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Teal dear summary - both of these films are incoherent messes, and Christopher Lee isn't even in them terribly much, but the moments when he is on screen are excellent!

29. 1941 (1979), dir. Steven Spielberg

This was shown last Thursday afternoon, which was perfect timing given that the whole point of that day (in my world) was to lie on the sofa staring at undemanding things and recovering from my conference. Given those circumstances, though, it's a pity the gods couldn't have served up a slightly better film for me to stare at. 1941 is the type of film generally described as a 'zany, screw-ball comedy', which I have to say is a descriptor I usually find off-putting. It usually means a lot of humour based on prat-falls, annoying goofy characters, misogyny, sexual innuendo, bodily functions etc., and all of those apply here in abundance. But even if I liked all that, I don't even think this is a good example of the genre anyway. It's supposed to be about the American domestic reaction to the bombing of Pearl Harbour in 1941, and the sudden hysteria about an attack on home soil, but really it is just an incoherent mess. Too many characters, no clear sense of what motivates any of them, a convoluted plot, goes on too long and doesn't do enough to clarify how action A leads to consequence B.

Lee's character, Captain Wolfgang von Kleinschmidt, is your perfect stereotypical Nazi - peaked cap, sour face, "Ve haff vays of making you talk", all that sort of thing. He is stationed on a Japanese submarine, apparently (though it's never very clearly explained) to keep an eye on their manoeuvres on behalf of the Third Reich, but I think really because the submarine has to be Japanese given the Pearl Harbour context, but the film's stereotype check-list required that there be a Nazi amongst the cast somewhere - so there he is. What makes him great, though, is that he plays the role completely straight. There are no nods and winks here - just deadly seriousness, drawing beautifully on his established star image as a chilling villain. Set against all the annoying goofy Americans, he was very welcome indeed, and my favourites scene in the entire movie was when he bitch-slapped a gurning hill-billy. However, that scene was not worth watching the entire film for.

I should add that Lee speaks all his lines in rapid-fire German (which is subtitled for the viewing public), while the Japanese submarine commander does the same in Japanese - the 'joke' being that they can both understand each other perfectly, but refuse to compromise in either linguistic direction. I have very little grasp of German myself, so I'm not in the same position to judge Lee's fluency and pronunciation as I was with his French in Dracula père et fils, but it certainly sounded very convincing to me. I could pick out a few individual words in a way I can't normally with a native German speaker, which probably means his accent did lean towards the English tones and rhythms which my ears are attuned to, but all in all this is another language which I'm going to have to concede he really can acquit himself in.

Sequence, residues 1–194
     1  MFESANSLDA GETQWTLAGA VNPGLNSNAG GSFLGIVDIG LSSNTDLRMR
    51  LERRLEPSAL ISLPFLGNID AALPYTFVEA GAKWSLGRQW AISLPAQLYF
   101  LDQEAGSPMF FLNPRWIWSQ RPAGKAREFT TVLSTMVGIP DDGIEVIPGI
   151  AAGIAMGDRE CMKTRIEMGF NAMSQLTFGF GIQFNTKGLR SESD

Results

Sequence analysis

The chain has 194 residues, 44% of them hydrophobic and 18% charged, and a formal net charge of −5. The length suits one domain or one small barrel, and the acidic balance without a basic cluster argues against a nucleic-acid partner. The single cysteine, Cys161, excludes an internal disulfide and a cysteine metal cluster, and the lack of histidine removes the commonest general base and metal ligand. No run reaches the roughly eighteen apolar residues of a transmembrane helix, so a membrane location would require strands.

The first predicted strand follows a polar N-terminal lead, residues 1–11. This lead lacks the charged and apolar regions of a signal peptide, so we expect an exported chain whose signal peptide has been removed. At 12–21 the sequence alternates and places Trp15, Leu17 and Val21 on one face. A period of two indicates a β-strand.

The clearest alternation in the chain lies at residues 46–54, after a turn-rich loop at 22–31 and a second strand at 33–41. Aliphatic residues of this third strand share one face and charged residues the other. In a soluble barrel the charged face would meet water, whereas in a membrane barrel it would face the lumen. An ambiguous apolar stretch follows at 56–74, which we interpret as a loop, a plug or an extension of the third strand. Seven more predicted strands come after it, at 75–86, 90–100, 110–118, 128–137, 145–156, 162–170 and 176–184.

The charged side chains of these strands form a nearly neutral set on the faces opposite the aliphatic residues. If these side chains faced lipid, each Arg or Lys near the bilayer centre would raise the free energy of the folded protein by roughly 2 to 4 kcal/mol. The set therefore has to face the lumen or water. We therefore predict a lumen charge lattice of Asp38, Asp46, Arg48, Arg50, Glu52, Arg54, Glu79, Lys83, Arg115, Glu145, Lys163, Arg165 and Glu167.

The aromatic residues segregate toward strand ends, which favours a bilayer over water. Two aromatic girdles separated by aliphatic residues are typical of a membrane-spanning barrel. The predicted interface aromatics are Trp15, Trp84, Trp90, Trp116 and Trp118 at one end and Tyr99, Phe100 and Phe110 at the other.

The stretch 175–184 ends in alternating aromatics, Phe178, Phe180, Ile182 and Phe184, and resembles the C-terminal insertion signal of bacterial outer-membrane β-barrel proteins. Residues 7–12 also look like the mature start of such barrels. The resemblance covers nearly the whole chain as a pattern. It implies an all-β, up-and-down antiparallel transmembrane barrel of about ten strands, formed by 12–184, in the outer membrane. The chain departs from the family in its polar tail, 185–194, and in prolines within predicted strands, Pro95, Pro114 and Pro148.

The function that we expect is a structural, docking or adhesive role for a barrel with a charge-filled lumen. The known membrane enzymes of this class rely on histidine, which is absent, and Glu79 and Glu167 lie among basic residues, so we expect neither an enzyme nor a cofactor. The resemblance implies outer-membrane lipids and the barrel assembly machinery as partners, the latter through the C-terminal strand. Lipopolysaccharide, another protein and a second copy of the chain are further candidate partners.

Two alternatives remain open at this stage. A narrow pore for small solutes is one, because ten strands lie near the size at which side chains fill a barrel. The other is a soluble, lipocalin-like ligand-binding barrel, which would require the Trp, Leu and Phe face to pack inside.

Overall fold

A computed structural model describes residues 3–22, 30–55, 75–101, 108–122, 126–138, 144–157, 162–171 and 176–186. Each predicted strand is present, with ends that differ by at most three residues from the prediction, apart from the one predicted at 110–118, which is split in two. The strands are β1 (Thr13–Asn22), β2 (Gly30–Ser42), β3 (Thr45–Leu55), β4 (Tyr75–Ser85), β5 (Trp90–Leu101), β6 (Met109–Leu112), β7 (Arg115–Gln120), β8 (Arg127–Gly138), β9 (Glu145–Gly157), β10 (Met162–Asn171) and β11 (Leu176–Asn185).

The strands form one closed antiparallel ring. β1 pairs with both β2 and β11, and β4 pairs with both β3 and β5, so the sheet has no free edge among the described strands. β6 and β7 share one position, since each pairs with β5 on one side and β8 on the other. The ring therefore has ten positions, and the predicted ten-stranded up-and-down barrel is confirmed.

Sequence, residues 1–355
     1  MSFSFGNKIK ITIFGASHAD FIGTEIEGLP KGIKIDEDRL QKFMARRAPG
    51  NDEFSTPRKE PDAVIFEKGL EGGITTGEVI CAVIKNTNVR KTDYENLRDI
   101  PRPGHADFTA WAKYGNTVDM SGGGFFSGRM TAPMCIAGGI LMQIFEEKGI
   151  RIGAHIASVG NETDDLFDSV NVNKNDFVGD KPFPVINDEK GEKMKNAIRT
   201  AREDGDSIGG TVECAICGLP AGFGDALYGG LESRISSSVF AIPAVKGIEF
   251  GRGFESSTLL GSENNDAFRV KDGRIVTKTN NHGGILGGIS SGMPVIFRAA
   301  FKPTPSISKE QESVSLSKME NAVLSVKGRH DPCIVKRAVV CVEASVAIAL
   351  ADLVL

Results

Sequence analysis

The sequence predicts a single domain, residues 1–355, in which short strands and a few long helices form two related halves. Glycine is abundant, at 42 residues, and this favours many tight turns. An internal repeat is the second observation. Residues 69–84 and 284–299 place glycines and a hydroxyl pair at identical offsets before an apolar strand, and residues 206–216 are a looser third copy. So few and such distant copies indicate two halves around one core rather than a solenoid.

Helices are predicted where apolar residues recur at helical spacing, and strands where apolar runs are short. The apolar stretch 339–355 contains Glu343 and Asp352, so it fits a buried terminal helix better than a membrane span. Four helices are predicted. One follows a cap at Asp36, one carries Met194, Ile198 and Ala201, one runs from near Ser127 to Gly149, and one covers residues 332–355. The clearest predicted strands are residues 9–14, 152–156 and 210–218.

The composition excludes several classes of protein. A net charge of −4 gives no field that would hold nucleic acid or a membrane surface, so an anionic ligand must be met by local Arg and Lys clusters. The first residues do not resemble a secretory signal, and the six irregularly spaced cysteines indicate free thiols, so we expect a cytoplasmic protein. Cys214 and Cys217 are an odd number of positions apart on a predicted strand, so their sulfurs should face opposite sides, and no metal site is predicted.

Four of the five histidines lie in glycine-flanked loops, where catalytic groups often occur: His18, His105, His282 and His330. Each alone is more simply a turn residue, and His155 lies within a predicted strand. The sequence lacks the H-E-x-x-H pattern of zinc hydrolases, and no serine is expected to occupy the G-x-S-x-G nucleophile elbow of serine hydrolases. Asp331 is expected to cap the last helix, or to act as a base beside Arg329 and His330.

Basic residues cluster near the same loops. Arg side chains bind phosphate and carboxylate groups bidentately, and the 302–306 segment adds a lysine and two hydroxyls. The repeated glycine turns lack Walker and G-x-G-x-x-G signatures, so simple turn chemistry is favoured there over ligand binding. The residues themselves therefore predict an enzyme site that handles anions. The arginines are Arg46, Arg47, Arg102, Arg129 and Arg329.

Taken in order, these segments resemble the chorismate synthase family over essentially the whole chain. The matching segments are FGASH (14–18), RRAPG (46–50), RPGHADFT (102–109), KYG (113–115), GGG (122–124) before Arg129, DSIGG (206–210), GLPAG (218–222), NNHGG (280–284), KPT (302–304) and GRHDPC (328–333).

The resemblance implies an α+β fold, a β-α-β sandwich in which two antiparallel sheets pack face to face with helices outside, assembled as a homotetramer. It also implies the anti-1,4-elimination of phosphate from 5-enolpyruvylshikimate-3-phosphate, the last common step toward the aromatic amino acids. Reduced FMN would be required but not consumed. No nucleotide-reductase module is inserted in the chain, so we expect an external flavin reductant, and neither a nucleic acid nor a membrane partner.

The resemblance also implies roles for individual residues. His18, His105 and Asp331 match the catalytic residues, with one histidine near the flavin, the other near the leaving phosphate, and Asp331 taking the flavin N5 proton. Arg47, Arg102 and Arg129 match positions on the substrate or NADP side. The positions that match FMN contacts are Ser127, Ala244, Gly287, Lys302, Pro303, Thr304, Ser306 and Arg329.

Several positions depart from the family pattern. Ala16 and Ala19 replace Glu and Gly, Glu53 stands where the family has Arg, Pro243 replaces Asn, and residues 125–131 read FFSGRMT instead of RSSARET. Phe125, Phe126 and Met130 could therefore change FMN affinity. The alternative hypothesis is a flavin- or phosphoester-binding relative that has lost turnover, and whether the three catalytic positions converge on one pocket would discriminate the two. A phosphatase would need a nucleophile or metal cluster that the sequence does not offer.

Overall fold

30. Scream and Scream Again (1970), dir. Gordon Hessler

And this one I watched yesterday afternoon with the lovely ms_siobhan. It's one I've known of for a long time, and always wanted to see, because on paper it sounds amazing. It features the Holy Horror Trinity of Peter Cushing, Christopher Lee and Vincent Price, was made in the Golden Age of British Horror, and plays around on the boundary between horror and science fiction. What could possibly go wrong, you may very well ask? Well, very much the same sorts of things as in 1941 (except, thankfully, without the screwball comedy), is the answer. Too many characters, no clear sense of their motivations, and no sense of where the plot might be going until it was far, far too late.

I maintained my optimism about the apparent deficiencies on these fronts for as long as I possibly could. Some films, after all, keep you guessing about characters and their motivations for a long time, but then everything becomes incredibly clever and nuanced and subtle in retrospect thanks to a big important reveal towards the end. Indeed, that is probably the format this film was trying to follow, because there is a big reveal at the end, where some high-level master-plans are uncovered, and we do suddenly understand a great deal more about some of the things we have seen and the people we have met up to that point. So maybe on a second viewing the story would indeed seem quite clever and well put-together. But for the purposes of the first viewing, we just weren't given enough likeable characters, or a meaningful point-of-view character who is trying to figure everything out and to whom we could relate along the way - and so we were bored and alienated to the point of just giving up caring well before the big reveal came. Compare, for example, The Wicker Man, where everything likewise changes on a big reveal about 4/5 of the way through the film, but a first-time viewer who doesn't know about that yet still has a lot of (apparently) charming, if puzzling, villagers to keep their attention for the first 4/5ths of the film, and the character of Howie to represent and articulate their bafflement on screen. Where The Wicker Man is a text-book example of how to do that sort of story perfectly, Scream and Scream Again is the cautionary tale exemplifying what can go wrong.